Revit – View Layering for Softer Proposal Images

Revit – View Layering for Softer Proposal Images

I was asked to generate some color images from a recent Revit project created by one of our talented designers today.  The recipient didn’t like the look of the shaded plan view, so the image was bound for photoshop to add some softer shadows and text.  Seems the original designer was having difficulty getting the look just right.  This is the original image:

“Not good enough, too harsh”, was the response I heard.  “I want more texture and a softer look.”  Oh yeah, and it had to match the slight axo images already provided. Like this:

and like this:

…seemed easy enough, just generate a plan view 3D view.  The effect is close, but the graphics are all wrong!  Notice the door swings are not visible, and the frame looks odd.  The soft shadows are courtesy of ambient occlusion being toggled on.  Setting the in session lighting to Azimuth: 185.00 and Altitude: 5.00 degrees respectively relative to view accomplished what you see below.

To further tweak the look by introducing plan view swing graphics, I did the following:

  1. Turn off Doors Category
  2. Activate the Section box and drop the top just below the top edge of the door frame.
  3. Drag this new doorless view onto a blank sheet.
  4. Duplicate a plan oriented, hidden line mode, 2D view and then turn off everything but the door graphics.
  5. Drag this new view on top of the 3D view on my sheet watching to ensure that Revit Aligns the views. Ensure that both views are set for the same scale and look for the light blue alignments horizontally and vertically (I embellished the alignments in the image below).

I also created a second plan view with solid filled walls and overlaid it in the same manner to achieve the look below.  You could turn on the room tags and add any notes as desired.  I left the annotation up to the person working in photoshop.

Hope you find this useful!

Revit Build Checker Version 5 for Revit 2011 products – Update

I posted an update to this tool in April that was intended to work with Revit 2011 products.  This new build has been updated and verified to work with Revit 2011 products and correctly reports on the build number for Revit applications installed on the machine from 2008 through 2011.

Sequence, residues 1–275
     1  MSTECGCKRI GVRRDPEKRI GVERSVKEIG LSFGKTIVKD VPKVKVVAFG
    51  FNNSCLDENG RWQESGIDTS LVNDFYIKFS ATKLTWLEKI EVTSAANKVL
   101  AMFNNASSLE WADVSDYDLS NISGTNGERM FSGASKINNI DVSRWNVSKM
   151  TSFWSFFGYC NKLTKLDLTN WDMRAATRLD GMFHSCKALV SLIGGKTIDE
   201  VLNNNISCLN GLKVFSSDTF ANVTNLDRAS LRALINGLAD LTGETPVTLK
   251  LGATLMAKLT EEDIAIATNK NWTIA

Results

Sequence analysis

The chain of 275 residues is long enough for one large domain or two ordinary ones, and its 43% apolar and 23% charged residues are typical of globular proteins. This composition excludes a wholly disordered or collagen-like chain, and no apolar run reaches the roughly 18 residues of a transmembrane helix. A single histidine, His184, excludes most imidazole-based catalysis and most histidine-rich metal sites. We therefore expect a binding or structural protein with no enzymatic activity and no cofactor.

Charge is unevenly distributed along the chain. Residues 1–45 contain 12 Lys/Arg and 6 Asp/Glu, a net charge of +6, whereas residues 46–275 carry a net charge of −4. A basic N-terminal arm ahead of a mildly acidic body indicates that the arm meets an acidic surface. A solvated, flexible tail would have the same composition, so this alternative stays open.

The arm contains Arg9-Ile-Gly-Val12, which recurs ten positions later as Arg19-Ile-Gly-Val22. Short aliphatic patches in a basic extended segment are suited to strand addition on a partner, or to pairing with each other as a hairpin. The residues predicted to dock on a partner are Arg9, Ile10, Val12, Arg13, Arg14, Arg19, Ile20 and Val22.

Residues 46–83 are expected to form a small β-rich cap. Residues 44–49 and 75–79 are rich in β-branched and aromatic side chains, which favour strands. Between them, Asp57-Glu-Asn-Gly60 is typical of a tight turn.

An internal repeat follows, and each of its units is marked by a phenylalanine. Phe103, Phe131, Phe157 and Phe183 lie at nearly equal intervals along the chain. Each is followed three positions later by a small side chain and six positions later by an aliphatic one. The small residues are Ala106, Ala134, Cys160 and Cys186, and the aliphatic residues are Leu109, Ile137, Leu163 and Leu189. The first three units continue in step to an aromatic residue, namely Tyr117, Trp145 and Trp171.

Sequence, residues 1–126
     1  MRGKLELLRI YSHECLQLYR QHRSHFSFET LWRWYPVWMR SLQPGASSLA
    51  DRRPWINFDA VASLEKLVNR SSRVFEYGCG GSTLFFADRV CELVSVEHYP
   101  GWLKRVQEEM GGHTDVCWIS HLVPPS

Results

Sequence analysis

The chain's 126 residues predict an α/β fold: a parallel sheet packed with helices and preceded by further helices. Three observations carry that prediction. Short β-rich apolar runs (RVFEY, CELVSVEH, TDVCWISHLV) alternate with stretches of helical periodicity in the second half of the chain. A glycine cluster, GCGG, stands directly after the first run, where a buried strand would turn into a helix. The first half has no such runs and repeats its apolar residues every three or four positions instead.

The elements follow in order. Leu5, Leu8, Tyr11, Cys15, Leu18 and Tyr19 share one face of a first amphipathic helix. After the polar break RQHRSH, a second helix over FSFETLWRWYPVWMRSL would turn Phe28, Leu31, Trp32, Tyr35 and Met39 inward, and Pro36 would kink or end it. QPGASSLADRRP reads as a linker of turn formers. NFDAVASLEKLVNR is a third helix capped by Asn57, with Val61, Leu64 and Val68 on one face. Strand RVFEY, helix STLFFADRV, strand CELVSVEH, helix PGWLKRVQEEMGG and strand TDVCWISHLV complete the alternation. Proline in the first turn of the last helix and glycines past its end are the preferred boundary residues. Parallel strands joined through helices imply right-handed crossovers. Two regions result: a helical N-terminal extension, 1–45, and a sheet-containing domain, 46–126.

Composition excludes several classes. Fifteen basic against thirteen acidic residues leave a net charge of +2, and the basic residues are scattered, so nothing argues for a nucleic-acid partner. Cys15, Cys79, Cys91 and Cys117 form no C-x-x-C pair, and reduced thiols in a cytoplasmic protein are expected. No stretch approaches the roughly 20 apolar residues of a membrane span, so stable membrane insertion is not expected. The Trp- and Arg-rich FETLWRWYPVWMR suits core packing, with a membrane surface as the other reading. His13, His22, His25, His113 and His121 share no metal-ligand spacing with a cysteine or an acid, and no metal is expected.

Download version 5 here.

I hope you find it useful.

Revit Material Tags got you down?

Are you tagging elements with Material tags and think that the tag is not reflecting the correct value? – Just face it… you’re wrong and Revit is right! Bwa ha ha ha ha.

Actually, you’re probably getting a different element than you think when you go to place the tag. If, like my frantic designer, you are tagging very thin floor slabs (as finishes like carpet or tile), then just ensure that you temporarily hide from view the underlying floor slab (probably concrete) before you attempt to tag by material.

In our practice, we add thin floor slabs as finish materials on top of the structural slab and tag them, so the designer thought they were tagging a carpet, but Revit was secretly choosing the structural floor slab below. Using the temporary hide element from view tool available under the “cool shades” icon on your view control bar, will allow Revit to select your thin floor finishes rather than the main floor slab.

And Viola! Revit is once again playing nice! … now back to work with you!

…Note: make sure your thin materials are indeed above the top of the structural slab to avoid this problem in the first place – My designer figured this out on their own and just reported back!

Revit 2011 Build Checker Application #4 Released

I’ve updated the Revit Build checker for the 2011 products. Looks like I get to wait until April 8th to try it out, so if anyone would like to test and report back, I would welcome it. Here is a new build updated for Revit 2011 products.

Download a copy here:

Note: I’ll probably revisit this app in the near future, with the following improvements in mind.

Network Version: – Check across all pc’s or select pc’s on a domain.
Logging Feature: – Write to a csv file for review.

Revit 2009 UI revisited – for those with tough firewalls

I was working with a client today who was struggling with the move from Revit Architecture 2009 to 2010. With the imminent release of Revit 2011, I recommended that they download the zip file Gregory Arkin had made available at This way they could happily avoid the 2010 Ribbon and learn the Ribbon when they moved to the improved 2011 version.

Since I knew them to have a restrictive firewall, I renamed the zip file to a text file and emailed it on over. In response, I received a warning email regarding viruses based on a zero tolerance email sniffer attached to their firewall. Since I knew all the file renameing was going to be a problem, I came up with the following solution.


This text file can be downloaded, renamed as a zip file and then extracted to the correct location (“c:Program FilesAutodesk Revit Architecture 2010Program”). Once the files have been extracted to this folder do the following:

1. Rename the file “_Rename_and_Run_Me.txt” to Rename.bat
2. Double click on Rename.bat to automatically rename all the files to their original names.
3. Now follow the original instructions regarding copying the shortcuts to your desktop.

Thanks Gregory for the files, hopes this helps someone else.

Revit Blogger Day – Revit 2011 PDF Download

Too much in-for-ma-tion…run-ning through my brain….too much in-for-ma-tion. Feel free to learn more about the new features in the 2011 products.